Binocular or monocular?

Tommy.Bolin

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Hi folks,
So I have to buy a new binocular. I will use it for hiking, camping and for trips. My colleague said that he bought monocular and that it's more useful to him than binocular, that he can take pictures with it as well. So now I don't know what to buy, binocular or monocular. He excited me with this monocular, there are a lot of useful accessories in the set as well. I think it would be fun for me and the kids to take zoomed pictures with it. He bought it on Amazon and he told me I can get a 20% discount for this monocular here: AIPNIS

So my question: What do you think I should buy? anyone have experiences with monoculars?

thanks :)
 
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archimedes

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Hello and welcome to CPF

Your post above has been approved, in lightly edited form

The commercial links were removed however, thank you for your understanding
 

P_A_S_1

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I take a cheap pair of binoculars hiking. Tried a monocular on my last hike but i didn't care for them. To me binoculars are much more pleasant to view with.
 

Monocrom

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Monocular all the way, for me. The really good ones come awfully close to $500. But no need to go that high. Main thing for me is that a monocular takes up less space and is lighter than a pair of binocs, while doing the exact same job.
 
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Kestrel

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This was click bait.
I very much agree with you, smelled fishy from the get-go; the product page even had an Amazon 'review' (& a positive one, at that :rolleyes:) from a "Tom" who also used similar broken, ungrammatic English.
Giving the OP the benefit of the doubt for now, but rest assured this will go :poof: if we see more of the same. :)
 
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KITROBASKIN

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Monocular is more efficient for our use, but would not recommend for extended (long duration) viewing. Sometimes I will switch eyes while using but that can be disruptive.
 

Cyclops942

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I'll go with a monocular all day long. Less weight and less volume, so it's easier to pack and use, whether you're going for a light walk through the neighborhood, a multi-week trek on the Appalachian Trail, or just tossing it in the glove box as a "just in case" item.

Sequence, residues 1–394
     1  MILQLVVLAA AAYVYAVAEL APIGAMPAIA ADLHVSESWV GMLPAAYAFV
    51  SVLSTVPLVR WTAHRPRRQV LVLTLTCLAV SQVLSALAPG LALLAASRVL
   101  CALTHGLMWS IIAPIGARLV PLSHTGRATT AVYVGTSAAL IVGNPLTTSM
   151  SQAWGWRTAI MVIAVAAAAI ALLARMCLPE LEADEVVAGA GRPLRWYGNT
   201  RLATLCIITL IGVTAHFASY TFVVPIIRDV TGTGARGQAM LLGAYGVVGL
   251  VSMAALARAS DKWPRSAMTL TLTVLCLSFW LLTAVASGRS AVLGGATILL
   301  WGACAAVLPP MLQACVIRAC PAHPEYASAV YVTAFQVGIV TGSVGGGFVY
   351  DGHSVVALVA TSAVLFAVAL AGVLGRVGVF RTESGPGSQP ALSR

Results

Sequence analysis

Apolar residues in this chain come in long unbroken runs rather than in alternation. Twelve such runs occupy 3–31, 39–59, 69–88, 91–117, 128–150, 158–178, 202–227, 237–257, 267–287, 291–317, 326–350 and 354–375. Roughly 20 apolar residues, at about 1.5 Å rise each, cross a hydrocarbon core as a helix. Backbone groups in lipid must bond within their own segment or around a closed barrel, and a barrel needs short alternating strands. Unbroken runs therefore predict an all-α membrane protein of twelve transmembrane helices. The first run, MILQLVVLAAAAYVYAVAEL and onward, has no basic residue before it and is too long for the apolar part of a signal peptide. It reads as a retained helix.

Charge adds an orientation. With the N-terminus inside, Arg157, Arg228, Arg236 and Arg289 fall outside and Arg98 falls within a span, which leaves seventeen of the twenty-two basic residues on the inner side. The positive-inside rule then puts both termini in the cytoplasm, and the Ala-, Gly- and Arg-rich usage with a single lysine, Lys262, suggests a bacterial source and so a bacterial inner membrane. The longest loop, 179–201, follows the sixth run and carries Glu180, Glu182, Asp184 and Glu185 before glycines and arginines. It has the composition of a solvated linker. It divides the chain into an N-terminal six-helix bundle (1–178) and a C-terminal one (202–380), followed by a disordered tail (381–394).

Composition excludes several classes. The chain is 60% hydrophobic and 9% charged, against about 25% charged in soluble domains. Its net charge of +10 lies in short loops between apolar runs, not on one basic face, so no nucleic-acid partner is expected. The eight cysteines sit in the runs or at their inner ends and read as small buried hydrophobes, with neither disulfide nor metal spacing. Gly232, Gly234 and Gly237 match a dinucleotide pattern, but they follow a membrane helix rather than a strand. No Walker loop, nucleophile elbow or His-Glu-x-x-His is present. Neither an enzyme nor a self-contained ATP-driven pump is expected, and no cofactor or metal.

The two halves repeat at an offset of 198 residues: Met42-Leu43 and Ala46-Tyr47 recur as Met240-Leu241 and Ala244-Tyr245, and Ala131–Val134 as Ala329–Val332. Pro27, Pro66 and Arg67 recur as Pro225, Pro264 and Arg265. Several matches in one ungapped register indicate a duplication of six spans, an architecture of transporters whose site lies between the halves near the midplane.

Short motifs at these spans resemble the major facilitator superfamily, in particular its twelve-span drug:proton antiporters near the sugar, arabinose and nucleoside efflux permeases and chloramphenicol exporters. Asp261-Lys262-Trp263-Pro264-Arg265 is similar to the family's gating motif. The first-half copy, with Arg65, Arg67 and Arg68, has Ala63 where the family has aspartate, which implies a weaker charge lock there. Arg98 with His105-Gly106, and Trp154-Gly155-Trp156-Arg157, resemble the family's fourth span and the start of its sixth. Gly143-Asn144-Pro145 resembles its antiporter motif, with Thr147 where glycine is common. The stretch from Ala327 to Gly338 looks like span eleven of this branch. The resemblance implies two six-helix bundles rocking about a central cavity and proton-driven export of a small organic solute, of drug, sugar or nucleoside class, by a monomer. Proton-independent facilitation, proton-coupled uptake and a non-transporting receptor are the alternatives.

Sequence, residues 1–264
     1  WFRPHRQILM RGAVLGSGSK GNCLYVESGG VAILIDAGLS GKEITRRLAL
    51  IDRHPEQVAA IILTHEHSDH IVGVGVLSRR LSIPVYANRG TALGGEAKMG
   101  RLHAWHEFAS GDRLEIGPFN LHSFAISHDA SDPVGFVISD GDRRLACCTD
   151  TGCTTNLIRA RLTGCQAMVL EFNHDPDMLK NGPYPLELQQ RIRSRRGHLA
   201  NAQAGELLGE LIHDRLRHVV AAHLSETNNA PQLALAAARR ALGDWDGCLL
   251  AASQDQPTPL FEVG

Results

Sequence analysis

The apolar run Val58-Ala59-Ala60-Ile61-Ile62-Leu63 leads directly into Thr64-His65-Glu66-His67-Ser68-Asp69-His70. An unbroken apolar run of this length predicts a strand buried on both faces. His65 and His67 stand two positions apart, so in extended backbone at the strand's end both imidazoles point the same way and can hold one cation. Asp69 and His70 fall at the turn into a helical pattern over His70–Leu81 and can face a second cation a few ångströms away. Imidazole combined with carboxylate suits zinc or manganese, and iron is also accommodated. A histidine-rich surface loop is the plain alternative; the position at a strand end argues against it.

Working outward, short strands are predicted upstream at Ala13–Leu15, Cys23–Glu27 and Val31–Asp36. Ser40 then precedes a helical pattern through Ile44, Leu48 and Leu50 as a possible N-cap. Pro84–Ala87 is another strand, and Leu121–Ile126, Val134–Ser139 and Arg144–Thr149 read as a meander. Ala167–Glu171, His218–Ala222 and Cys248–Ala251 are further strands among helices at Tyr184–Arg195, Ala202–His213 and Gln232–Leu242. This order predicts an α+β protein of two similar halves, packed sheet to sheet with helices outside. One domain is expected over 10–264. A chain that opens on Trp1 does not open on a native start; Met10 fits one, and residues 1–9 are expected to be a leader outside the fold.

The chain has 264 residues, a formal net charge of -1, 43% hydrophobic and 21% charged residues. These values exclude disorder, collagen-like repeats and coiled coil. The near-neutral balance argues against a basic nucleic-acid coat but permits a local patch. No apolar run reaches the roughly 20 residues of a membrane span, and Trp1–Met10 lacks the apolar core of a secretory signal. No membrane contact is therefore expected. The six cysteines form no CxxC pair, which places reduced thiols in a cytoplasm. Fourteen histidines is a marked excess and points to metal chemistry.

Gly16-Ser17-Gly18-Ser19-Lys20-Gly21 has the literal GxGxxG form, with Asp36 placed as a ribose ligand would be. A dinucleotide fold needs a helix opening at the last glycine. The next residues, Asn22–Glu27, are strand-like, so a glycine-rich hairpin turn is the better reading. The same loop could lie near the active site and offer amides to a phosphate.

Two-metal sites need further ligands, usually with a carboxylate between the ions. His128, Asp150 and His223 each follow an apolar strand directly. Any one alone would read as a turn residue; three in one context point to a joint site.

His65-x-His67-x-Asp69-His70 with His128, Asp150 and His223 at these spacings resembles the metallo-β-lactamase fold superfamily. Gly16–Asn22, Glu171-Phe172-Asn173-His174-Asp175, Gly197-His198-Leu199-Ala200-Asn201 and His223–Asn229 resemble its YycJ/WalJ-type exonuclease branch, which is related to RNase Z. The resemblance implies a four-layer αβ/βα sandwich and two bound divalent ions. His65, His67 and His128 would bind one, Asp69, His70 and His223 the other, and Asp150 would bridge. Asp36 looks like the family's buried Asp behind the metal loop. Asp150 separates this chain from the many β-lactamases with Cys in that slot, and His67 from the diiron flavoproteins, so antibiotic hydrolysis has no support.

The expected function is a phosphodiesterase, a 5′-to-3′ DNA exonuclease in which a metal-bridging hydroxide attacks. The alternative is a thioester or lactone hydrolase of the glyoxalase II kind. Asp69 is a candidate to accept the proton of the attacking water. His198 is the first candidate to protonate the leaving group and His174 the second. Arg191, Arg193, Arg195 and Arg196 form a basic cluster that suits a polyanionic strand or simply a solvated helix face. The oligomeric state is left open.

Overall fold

DaveTheDude

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I've used both, and the choice of which to take depends on the goals for the trip. If you're doing some climbing, a monocular allows one-handed scouting of handholds. Wildlife viewing or hunting, binoculars yield superior results, with enhanced depth perception as a bonus. If traveling with kids, see which they respond to best. Weight considerations will add another element to the calculus. In the end, go with what works best for you.
 

Patriot

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If minimum size and weight are top priority, then the monocular will allow a magnified view in the smallest possible package. I often carry one on long distance or high altitude hikes, where every ounce counts and where I can do without the added benefits of a binocular. As long as you have two eyes, a binocular will simply provide more detail, a 3D image, better depth of field, less fatigue and is steadier to handhold, assuming the instruments are of similar optical quality. Going from a 8x25 monocular to a 8x25 binocular will result in an instrument that's 2x-3X larger and heavier. A good example would be a monocular that weighs 4-5oz vs. a binocular that weight 10-13oz. Another thing to keep in mind is that the binocular will usually cost twice the price, all other things being equal but this is usually becomes more of an issue if you're buying top tier sporting optics.

More than anything else, it really depends on what the intended purpose is. If you just need something to I.D. objects that are already in view, read a sign or trail marker, read a license plate, a distant sign, or a house address, the monocular will likely accomplish most of those things fairly well. One caveat would be if you end up viewing through a monocular for any length of time because eye fatigue will eventually become an issue. I use a monocular and spotting scope with both eyes open (no squinting) and it's still fatiguing if you do it for long enough. The monocular is inferior for locating/finding objects, animals and people within a landscape and it takes the brain longer to figure out what it's looking at. If you're searching or scanning for things, yet still need a small instrument, just go for a 8x20, 8x22 or 8x25 binocular.

If you don't mind carrying a 16-20oz optic, a 8x30 or 8x32 binocular will accomplish just about anything a handheld binocular is capable of. Since there's been more research and development put into this class of instrument, by so many different manufacturers, there's a greater chance of finding something in your price range that still provides satisfactory performance.

A little background on my optics use. I'm a member of a local birding chapter and spend a lot of time identifying species, from my back patio to the hiking trail. I've been a western archery hunter for about 26 years and spent countless hour behind optics of every class and price range. This usually involves hiking long distances to remote areas, then stopping to "glass" large expanses of wilderness, often from a tripod. I currently own over 20 binoculars and 7 spotting scope/monoculars but over the years I estimate that I've had in my possession, 75+ different sporting optics, not including rifle scopes.
 
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